Abraham: We were hunkering down for about six months on figuring out the product and distribution. And then the economy started tanking. That was a scary time to be running a business. It went from everything getting funded and high valuations and easy to raise money, to literally no one investing. Prior to this supercrash, I was fortunate enough to meet Keith Rabois, one of the early PayPal guys, an early investor in LinkedIn, Yelp and YouTube, and the COO [chief operating officer] of Squared. After two weeks of him ignoring me … I managed to get a meeting with him. Within 10 minutes of meeting me, he decided he wanted to invest. He introduced me to the co-founder of YouTube, Jawed Karim, who also decided he wanted to invest, and Kevin Hartz of Eventbrite, who also wanted to invest. I was getting very close to closing an angel round [angel investor] with them and the stock market started going down 5% a day. By the end of the week, the stock market had gone down more than 25%. This was the exact same week that Sequoia Capital, one of the best venture capital firms [in California], sent out a memo to all their portfolio companies with a big picture on the first slide of a grim reaper that said ‘RIP Good Times.’ Still, we pushed through and closed that first angel round [of financing] with Keith, Kevin and Jawed.

The money was valuable, but what was really valuable was their time. They had a ton of success with business-to-consumer web companies, and I figured there was a lot to learn from them. As a part of the round, I negotiated spending an hour with each of them every Friday where I could tell them about what was happening in the business and get the chance to learn from them. That was an amazing experience for me. Kevin is this great serial entrepreneur who gave me advice on recruiting, setting a culture and setting goals and metrics for my team, raising money, positioning to investors and getting great advisors. Jawed was the tech and product guy who figured out YouTube. Keith was great with strategy, product, all across the board. I was like a sponge. We were able to build a great team. Before long, we were able to get about one million people a month using our product. During the four-month period in 2009 when we went out [to get further financing], we were one of four early-stage consumer Internet companies that got funding. A lot of people would have thrown their hands up and quit, but we still managed to pull it off and get that round done. We grew the retailer network and a great distribution network across the web.

Big companies, everyone from Google, Microsoft, Yahoo! and eBay, started reaching out to us for partnerships. Through that process, we got to know a lot of companies very well, and eBay bought the bigger picture vision of what we were going after. We realized that there was so much more we could do if we joined forces, rather than a simple partnership. We weren’t looking at all to sell the business, but they made us an offer and we decided that was the best path for the company.

KWHS: Has it been difficult to give up some control of Milo to a bigger company?

Abraham: It’s really hard to go from a team of 25 or 30 core people to a company of 15,000. It’s a big transition. I had never worked for a big company before. Just like there is a lot of learning to be done to run a start-up company, there is also a lot of learning that needs to be done to be successful at a big company. EBay has given our team a fair amount of autonomy. We have our own house on eBay’s campus, which everyone calls the Milo House, and we’re still able to set most of our own direction. We’re plugged in at the right level of the organization. Sometimes when companies get acquired, they end up seven rungs beneath the CEO and can get lost in the shuffle. That’s when bad things can happen and companies get shut down. I have an awesome boss, Dane Glasgow, who is a brilliant guy. He dropped out of Cornell to found a company and sold it to Microsoft, and started a company after Microsoft that was bought by eBay. It’s been great having him as my mentor and boss because he understands the issues we face.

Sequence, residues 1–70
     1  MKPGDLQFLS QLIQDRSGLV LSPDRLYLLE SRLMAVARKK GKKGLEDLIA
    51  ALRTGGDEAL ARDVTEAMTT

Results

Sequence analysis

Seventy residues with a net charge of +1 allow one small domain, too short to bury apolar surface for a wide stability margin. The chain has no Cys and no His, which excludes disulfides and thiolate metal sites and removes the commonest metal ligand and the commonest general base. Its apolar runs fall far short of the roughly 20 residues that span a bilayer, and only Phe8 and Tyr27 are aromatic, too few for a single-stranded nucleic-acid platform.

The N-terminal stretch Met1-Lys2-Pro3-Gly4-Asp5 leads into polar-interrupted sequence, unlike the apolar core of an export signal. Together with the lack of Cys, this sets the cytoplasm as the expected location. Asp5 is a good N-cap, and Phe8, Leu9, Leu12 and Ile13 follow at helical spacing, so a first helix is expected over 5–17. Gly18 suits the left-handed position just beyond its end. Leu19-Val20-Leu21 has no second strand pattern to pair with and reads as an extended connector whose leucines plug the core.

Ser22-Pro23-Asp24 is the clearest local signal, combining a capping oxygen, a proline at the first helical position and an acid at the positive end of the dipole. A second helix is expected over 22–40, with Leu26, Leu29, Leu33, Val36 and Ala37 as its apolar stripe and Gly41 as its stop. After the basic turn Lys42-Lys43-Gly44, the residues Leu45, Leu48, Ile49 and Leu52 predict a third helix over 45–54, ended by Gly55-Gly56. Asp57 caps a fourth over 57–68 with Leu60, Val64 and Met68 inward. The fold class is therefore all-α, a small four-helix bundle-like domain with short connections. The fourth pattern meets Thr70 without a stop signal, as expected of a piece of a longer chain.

I can still be very innovative within our direct team because that is what we value. Doing things across different business units and sections of eBay as a whole is really challenging. There are a lot more people. You can’t just have an hour-long meeting and then spend the rest of the time executing. A lot of coordination, consensus building and approvals have to happen.

KWHS: What are your top three qualities of a successful entrepreneur?

Abraham: Persistence is one. The second would be resilience. Bad stuff always happens. Sometimes it’s in your control and in your domain and you can feel good about that because you can fix it. Sometimes it’s out of your control, like the macroeconomy implodes and the top newspaper sends out a [memo] to everyone in Silicon Valley saying the party is over, nobody gets funding and fire everyone. Or the initial idea didn’t work and it’s not the right time. Being able to bounce back from all those things and never give up is so important. If you never give up, you have a 100% chance of success because eventually you’re going to get it. The third thing is an attribute I’ve found in almost every successful entrepreneur I’ve met. You need the ability to sell. That doesn’t mean being a salesman. As a CEO and founder, you are always selling your ideas and your vision to your team, potential recruits, mentors, advisors, investors, partners. If you can’t sell, you are going to have a really hard time with most of the challenges you face as a founder. If you can sell, you can get a lot of people aligned on your side to a common vision that you want to execute against and galvanize a team toward doing superhuman work to get it done. Sell the idea, sell how big it can be and get great people involved in what you are doing.

KWHS: What about risk-taking?

Abraham: I think entrepreneurs take very calculated risks. They understand the potential benefits and the likelihood they’ll be able to reap them. Some people might think that entrepreneurs take crazy risks, like leaving school early to do a start-up. In my mind, it was the least possible risky thing to do. You have to be willing to put yourself outside your comfort zone and go for it.

KWHS: Where will you be in five years?

Abraham: I enjoy building products that solve pervasive, everyday problems. It’s highly likely that I’ll be doing that as an entrepreneur working on another startup.